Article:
After putting $6500 on my car loan, I became seriously intense about paying it off. I made as many additional payments as I could.

  • I cut my spending big time by tracking every dollar I spent
  • I stopped eating out
  • Cut back on buying clothes
  • Any bonuses I got at work went towards my car loan
  • I used my tax refund to pay it down

Once my car loan was paid off I began to attack my mortgage. Check out Part 2 here

Debt Pay Off Part 2 – The Mortgage

This is part 2 of a series of how I paid off $95,778.5 in less than 3 years.

I was 20 years old when I bought my first property. It was a joint venture with my mother. Prior to purchasing our first home we were renting, so this was quite an adventure for the both of us. I wouldn’t recommend buying a property with someone else unless you REALLY trust them and like them. Of course if you are going to live with someone, it should be someone you get a long with and you know quite well.

Since this was my first purchase, I knew very little about purchasing a home. I worked at the Bank of Montreal at the time, so I decided to do some research before making this big leap. The big question I had was, what exactly was a mortgage and how did it work. Yes you read right, I worked in a bank and didn’t fully understand what a mortgage was and how it worked. I knew it was a loan, but that was it. So please do research before you decide to get a mortgage.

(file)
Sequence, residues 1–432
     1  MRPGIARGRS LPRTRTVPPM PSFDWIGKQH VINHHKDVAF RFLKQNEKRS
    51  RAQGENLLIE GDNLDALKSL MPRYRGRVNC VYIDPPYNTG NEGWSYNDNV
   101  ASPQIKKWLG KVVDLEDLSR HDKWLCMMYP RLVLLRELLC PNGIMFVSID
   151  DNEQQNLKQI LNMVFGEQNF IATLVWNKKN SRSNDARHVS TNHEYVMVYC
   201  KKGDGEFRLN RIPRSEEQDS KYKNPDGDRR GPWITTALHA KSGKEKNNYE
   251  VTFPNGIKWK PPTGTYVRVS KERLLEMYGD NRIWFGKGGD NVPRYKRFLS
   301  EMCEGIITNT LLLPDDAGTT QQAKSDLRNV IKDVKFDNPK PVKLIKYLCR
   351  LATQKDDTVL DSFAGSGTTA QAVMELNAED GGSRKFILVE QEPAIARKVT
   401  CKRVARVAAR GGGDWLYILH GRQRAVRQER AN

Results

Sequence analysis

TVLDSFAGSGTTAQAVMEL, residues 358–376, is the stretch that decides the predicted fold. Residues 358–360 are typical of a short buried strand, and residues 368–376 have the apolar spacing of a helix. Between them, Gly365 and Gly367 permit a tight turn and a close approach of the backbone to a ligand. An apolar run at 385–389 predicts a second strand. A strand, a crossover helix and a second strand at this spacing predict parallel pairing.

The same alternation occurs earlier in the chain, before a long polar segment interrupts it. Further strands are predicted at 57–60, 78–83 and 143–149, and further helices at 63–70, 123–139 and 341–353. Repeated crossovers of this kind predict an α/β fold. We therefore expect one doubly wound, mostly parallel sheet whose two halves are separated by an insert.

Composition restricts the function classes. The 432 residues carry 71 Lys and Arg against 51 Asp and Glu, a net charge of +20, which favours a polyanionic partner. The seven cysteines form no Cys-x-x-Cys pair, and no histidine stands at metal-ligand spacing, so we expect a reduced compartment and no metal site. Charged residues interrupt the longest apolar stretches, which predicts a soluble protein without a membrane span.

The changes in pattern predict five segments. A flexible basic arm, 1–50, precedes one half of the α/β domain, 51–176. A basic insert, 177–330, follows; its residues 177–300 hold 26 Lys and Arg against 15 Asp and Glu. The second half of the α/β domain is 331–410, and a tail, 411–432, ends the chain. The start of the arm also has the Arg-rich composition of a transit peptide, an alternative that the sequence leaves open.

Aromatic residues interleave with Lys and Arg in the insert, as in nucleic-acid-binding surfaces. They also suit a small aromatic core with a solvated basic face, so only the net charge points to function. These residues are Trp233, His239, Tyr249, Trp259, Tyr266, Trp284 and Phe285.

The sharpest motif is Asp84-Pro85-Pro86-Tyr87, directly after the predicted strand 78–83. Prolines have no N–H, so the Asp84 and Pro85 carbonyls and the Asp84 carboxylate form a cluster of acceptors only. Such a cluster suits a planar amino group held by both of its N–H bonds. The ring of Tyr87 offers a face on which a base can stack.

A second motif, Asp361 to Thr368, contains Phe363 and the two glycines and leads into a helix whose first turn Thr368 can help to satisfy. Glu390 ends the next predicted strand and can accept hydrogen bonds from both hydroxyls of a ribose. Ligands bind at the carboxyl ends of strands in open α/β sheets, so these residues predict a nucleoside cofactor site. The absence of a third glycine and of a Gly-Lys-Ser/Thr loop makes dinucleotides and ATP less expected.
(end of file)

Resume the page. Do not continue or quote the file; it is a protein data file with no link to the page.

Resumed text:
Research is very important when selecting a mortgage. Before you get a mortgage, ask as many questions as you need answers to. Ask, ask, and ask. You can never ask too many questions, plus there’s no point in going into that much debt without being completely at ease that you understand what you’re getting in to. Your banker should be able to answer all of your questions. If they don’t know the answer, try someone else.

Mortgages can be very complicated and it’s easy to get in over your head if you don’t fully understand how they work. Webster’s definition of a mortgage is a conveyance of or a lien against property (as for securing a loan) that becomes void upon payment or performance according to stipulated terms. In other words the bank technically owns your home until you pay off your mortgage.

Types of Mortgages

Conventional Mortgages

If you have 20% or more of the purchase price (or appraised value if this is less than the purchase price) as a down payment, you can apply for a conventional mortgage.

High Ratio

If you have less than 20% of the purchase price (or appraised value if this is less than the purchase price) as a down payment you will require mortgage loan insurance. There are three mortgage loan insurance companies in Canada. Canada Mortgage & Housing Corporation(CMHC), Genworth, and Canada Guaranty. Purchasing insurance is a very common way to qualify for a high ratio mortgage. The insurance premium is charged once per mortgage and is payable at the time of advance. You may pay this upfront yourself or you can just add it to your mortgage, which is what most people do.

Home Owner Line of Credit(HOLC) or Home Equity Line of Credit (HELOC)

This is a little bit different from a mortgage, but it falls under the same category. This is usually offered if you have outstanding credit and have 20% or more as a down payment. A HOLC allows you to borrow from the value of your home up to an approved credit limit. This is revolving and a mortgage is not.

Click here for part 3

Debt Pay Off Part 3 – Interest Rates, Terms, and Amortizations

This is part 3 of a series of how I paid off $95,778.5 in less than 3 years.